(Pocket-lint) - Yesterday, news broke that security flaws in Apple Mail for iOS were discovered, amid claims that they could have been present for years.

Apple has since responded, revealing that it "found no evidence they were used against customers", adding that "these potential issues will be addressed in a software update soon".

The flaws were found and highlighted by Security research firm ZecOps. It published a report revealing a vulnerability that could affect iPhone and iPad users which seemed to have existed since 2012. It claimed that Apple Mail for iOS 6 (released with the iPhone 5) exhibited the same security flaw as recently found in iOS 13.

Apple's subsequent statement attempts to set users' minds at ease, however: "Apple takes all reports of security threats seriously", it said.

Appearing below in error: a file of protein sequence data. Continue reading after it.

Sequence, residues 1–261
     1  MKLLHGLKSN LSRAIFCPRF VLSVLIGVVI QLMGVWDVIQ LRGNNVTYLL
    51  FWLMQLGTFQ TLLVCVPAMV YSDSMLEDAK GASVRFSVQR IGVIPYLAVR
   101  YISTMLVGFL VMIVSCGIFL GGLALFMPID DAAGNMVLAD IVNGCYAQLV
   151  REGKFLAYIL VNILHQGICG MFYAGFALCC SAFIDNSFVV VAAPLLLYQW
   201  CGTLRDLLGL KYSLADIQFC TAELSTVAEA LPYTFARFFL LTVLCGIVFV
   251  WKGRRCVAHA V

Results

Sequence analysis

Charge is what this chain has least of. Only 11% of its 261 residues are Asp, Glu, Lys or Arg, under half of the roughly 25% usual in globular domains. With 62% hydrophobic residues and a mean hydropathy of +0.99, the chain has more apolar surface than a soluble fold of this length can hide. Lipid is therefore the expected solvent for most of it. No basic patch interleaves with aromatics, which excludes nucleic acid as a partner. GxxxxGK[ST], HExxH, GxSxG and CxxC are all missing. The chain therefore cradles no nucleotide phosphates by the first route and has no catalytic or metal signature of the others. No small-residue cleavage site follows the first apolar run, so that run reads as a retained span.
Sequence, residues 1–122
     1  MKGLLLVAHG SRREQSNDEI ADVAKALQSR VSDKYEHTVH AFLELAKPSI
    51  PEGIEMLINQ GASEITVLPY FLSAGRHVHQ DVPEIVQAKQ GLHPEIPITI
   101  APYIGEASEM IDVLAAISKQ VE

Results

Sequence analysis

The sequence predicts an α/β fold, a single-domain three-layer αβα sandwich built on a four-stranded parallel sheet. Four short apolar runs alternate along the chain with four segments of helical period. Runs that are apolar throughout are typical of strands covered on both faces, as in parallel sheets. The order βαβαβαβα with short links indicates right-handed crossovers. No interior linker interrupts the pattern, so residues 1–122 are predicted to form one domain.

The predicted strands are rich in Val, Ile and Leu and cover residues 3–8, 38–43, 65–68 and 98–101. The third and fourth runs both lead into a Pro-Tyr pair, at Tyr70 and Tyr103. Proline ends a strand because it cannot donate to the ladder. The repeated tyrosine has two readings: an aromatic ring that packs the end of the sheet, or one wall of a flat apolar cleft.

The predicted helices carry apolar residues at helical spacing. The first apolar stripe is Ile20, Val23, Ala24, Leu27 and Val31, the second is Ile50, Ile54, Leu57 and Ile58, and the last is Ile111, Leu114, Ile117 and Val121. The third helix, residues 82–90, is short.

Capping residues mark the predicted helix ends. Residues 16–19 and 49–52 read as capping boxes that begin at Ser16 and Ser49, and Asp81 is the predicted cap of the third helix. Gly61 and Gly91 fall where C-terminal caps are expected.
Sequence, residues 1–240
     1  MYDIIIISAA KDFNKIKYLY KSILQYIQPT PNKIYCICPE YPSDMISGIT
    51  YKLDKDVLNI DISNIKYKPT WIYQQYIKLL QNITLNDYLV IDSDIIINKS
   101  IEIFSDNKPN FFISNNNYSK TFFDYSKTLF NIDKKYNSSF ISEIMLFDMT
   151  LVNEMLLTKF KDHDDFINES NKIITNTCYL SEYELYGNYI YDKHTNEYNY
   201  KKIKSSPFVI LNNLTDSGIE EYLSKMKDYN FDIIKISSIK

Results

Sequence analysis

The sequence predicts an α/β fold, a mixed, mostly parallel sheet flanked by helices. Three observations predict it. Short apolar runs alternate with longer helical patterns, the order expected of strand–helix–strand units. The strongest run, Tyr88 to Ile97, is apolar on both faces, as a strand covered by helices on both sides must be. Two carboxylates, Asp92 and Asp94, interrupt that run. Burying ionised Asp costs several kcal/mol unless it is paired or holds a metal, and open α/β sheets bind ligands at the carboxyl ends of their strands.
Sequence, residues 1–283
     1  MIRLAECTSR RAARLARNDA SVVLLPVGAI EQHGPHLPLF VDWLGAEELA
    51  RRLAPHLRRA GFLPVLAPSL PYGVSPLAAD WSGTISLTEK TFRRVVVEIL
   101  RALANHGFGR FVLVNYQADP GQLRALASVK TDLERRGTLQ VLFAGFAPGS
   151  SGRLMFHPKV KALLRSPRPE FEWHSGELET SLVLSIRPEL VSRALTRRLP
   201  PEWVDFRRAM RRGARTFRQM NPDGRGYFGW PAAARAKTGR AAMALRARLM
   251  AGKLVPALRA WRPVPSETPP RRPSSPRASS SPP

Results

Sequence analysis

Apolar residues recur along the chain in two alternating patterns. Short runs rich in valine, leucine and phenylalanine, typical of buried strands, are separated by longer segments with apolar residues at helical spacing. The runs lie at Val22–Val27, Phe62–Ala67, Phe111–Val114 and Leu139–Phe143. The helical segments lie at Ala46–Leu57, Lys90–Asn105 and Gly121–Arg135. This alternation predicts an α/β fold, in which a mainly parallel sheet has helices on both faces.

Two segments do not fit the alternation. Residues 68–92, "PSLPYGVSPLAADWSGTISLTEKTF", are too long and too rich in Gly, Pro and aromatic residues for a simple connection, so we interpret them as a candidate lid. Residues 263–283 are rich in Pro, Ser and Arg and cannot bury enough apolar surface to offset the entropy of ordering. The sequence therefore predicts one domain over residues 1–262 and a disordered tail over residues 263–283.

"We have thoroughly investigated the researcher’s report and, based on the information provided, have concluded these issues do not pose an immediate risk to our users.

"The researcher identified three issues in Mail, but alone they are insufficient to bypass iPhone and iPad security protections, and we have found no evidence they were used against customers.

"These potential issues will be addressed in a software update soon. We value our collaboration with security researchers to help keep our users safe and will be crediting the researcher for their assistance."

ZecOps claimed that the "zero-click" vulnerability potentially enabled an attacker to access personal data without the user's knowledge, by sending a single or series of emails that consume a significant amount of the phone or tablet's RAM.

"The vulnerability can be triggered before the entire email is downloaded, hence the email content won’t necessarily remain on the device," the company wrote in its report.  It apparently found the security flaw after several iPhone users reported unusual device failures.

"To mitigate these issues - you can use the latest iOS beta available. If using a beta version is not possible, consider disabling the Mail application and use Outlook or Gmail that are not vulnerable," it added.

Writing by Rik Henderson and Dan Grabham.